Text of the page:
It’s a Monday morning, and Smith & Associates Medical Practice is inundated with calls from patients with nagging coughs, sick kids, and suspicious looking growths. Of course, everyone wants an appointment this morning.
Jane started in her first job as a medical receptionist at the practice two months ago. It’s been a steep learning curve, becoming acquainted with the practice management systems, dealing with busy periods, and meeting some of the practice’s more interesting patients.
Amongst the other forty calls she’s already taken today, she receives a call from Tom. The conversation goes like this:
Jane: ABC Medical, would you mind holding for a moment?
Three minutes pass.
Jane: Ok, hi, are you still there?
Tom: It’s Tom here. I’m calling about the GP position you’re advertising.
Jane: Sorry, what?
Tom: The position you are advertising for a GP. I’m moving to the area soon, and…..
Jane cuts him off mid-sentence.
Jane: Sorry, I don’t know anything about that. The practice manager is only here on Wednesdays and Fridays. Can you call back then?
This is a conversation likely happening across Australia every day, and it’s a recruitment killer.
Decisions are made quickly, and where candidates have a lot of choice about where to go, they are fickle about any hesitation or minor inconveniences. Things need to move fast to happen.
In this example, it’s probably unlikely Tom will actually call back. It’s more likely that he will keep looking until he talks to somebody about a position he wants.
In my job, I’ve experienced this response hundreds of times when calling medical practices – even before I have said the conversation stopping words “I am a recruiter”.
The first call from a candidate for a position has the potential to make or break the possibility of successful recruitment. Staff who are not trained to take the first call are dangerous – and may completely quash any possibility of that person showing interest in your practice.
The solution is to embrace the notion that ‘Everyone Is A Recruiter’.
When I was in the Army, I was a member of the Psychology Corps. Not exactly the most battle-hardened, extreme job to say the least. Generally, the greatest risk was a nasty paper cut. That said, from the start of our training, we were told that everyone – no matter their role – is a soldier first. The general, the cook, the psych – ‘Everyone Is A Soldier’. Sure, some will be better at repelling an attack than others, but it’s something that comes out of necessity. And, they trained us with the basic skills to do it.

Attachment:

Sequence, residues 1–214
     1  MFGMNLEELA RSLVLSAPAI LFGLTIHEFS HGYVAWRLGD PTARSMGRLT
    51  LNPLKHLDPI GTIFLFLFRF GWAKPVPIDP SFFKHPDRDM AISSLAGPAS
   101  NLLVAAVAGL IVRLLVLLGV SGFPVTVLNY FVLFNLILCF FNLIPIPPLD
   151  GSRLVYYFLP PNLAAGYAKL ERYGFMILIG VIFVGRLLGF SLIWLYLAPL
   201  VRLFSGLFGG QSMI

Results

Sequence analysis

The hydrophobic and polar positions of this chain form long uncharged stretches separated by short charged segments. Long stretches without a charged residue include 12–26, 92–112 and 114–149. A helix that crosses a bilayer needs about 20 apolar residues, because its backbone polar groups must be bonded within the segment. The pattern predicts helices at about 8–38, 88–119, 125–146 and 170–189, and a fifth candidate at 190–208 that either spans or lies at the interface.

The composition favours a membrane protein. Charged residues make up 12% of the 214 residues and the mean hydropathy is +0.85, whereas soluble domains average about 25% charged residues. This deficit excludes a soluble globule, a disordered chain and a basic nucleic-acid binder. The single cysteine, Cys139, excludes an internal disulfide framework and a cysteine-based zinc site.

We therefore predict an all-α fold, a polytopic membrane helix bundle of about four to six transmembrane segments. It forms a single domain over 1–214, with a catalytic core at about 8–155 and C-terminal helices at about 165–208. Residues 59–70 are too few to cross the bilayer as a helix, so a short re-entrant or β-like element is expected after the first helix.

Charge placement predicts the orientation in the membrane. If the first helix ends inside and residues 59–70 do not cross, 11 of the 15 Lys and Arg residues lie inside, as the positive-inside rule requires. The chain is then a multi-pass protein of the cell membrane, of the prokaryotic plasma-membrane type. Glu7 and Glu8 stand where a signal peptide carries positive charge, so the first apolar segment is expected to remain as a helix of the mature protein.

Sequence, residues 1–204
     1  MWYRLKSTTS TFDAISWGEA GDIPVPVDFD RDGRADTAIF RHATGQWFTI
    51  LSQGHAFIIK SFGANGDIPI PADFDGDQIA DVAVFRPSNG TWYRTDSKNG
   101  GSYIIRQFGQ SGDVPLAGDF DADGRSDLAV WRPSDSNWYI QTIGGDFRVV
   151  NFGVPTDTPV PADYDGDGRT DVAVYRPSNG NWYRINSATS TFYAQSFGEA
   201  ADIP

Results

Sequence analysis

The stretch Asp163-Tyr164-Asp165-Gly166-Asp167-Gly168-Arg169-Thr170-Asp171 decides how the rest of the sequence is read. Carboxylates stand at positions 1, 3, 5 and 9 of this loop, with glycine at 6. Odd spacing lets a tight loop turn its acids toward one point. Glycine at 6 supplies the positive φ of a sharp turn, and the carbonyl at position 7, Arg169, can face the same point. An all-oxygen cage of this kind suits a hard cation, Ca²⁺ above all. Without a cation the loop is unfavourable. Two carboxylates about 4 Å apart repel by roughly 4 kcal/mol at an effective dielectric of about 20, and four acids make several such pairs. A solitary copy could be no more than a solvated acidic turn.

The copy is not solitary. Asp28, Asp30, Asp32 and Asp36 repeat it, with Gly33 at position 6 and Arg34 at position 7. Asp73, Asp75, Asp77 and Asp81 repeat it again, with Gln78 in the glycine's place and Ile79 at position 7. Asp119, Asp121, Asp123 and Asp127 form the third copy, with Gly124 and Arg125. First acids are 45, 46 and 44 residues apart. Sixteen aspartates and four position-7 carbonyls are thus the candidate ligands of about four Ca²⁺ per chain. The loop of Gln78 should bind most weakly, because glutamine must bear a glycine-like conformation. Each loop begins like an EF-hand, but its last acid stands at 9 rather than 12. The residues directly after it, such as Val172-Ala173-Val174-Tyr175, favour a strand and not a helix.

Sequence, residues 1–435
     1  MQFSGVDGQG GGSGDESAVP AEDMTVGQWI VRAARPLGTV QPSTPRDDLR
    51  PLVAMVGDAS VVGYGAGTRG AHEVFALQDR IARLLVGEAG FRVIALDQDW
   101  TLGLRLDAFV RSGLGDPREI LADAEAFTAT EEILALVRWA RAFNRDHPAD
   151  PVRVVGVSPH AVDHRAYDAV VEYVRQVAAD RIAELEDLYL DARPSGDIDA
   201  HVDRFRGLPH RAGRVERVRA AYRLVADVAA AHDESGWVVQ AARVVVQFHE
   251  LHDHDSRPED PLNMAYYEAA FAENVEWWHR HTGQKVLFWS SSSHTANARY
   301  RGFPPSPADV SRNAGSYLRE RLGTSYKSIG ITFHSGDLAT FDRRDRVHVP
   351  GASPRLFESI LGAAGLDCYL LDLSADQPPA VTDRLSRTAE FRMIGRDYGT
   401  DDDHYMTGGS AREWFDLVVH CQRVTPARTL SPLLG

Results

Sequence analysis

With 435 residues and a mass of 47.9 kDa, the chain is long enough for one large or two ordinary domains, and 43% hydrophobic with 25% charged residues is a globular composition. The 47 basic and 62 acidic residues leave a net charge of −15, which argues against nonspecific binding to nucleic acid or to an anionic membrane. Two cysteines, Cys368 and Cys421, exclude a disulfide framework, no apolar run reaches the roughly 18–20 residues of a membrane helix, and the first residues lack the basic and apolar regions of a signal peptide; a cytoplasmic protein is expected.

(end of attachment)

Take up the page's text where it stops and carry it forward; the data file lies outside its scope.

Likewise, everyone in an organisation needs to be ready, and trained to recruit.
As an employer, practice owner, or manager, there are some steps you can take to make sure your team is ready when it comes time to recruit.
Easy Stuff First
Make the contact number for the job application one that isn’t the main number of the practice. You don’t want a potential candidate to get lost in a sea of patient calls.
Provide a direct extension, and also an email address. Make it easy to contact the right person straight away. If you’re the contact person, and you are going to be away for more than a day or two, ask somebody else to take the responsibility of taking calls from candidates.
Tell all of the team that you’re recruiting. Email around, or print out some basic details of the position (like start date, pay, etc), so questions can be answered quickly and directly by anyone in the office.
If a team member does receive a call from a potential candidate, ensure they collect their full name and contact number. Call them back in under 24 hours.
Train Your Team
Even though you will have a dedicated contact person, it’s also likely that someone else might take the call, and they need to be ready for that. Develop a one-page training guide for new staff (including clinical staff) on taking a call from a potential recruit.
This guide might include answers to frequently asked questions about the practice, what questions to ask potential candidates (to screen them), and what details to get from them to move things forward. A well trained team member may also save a manager or owner time by screening out unsuitable candidates.
Spend an hour just once a year as a team revising the procedure for recruiting new staff members, and run mock phone calls or mini interviews to make staff comfortable with how to respond to candidates.
Consider undertaking external training or webinars on recruitment skills
Provide some incentive for team members who refer someone to a vacant position, or for doing a really great job in their initial contact with a candidate who subsequently gets a position. This can be as small as a lunch out, or a movie voucher, or even a cash reward.
These are some fairly simple tips to implement in your practice that have the possibility of radically improving your hit rate with potential candidates to your positions.
The consequence of an interaction like the one with ‘Tom’ is that he goes to work for the practice down the road. That lost opportunity may leave your practice unnecessarily without the staff member (and revenue) you need, and overall higher recruitment costs.
There’s only one chance at a first impression, especially over the phone. Make it count.
https://beathealth.com.au/wp-content/uploads/2014/10/iStock_000005784493Small.jpg575835Shaun Hughstonhttp://devsite.beathealth.com.au/wp-content/uploads/2016/07/Beat-Health-Logo-PNG-copy-2-300x72.pngShaun Hughston2014-10-11 15:24:352016-04-15 07:51:05Why Everyone Is A Recruiter in Your Practice